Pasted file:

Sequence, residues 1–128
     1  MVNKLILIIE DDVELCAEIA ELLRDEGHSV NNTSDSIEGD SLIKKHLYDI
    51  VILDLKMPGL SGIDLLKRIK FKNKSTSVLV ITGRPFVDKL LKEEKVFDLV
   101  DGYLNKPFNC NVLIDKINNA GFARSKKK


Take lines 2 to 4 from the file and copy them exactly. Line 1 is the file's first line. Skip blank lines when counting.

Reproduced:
     1  MVNKLILIIE DDVELCAEIA ELLRDEGHSV NNTSDSIEGD SLIKKHLYDI
    51  VILDLKMPGL SGIDLLKRIK FKNKSTSVLV ITGRPFVDKL LKEEKVFDLV
   101  DGYLNKPFNC NVLIDKINNA GFARSKKK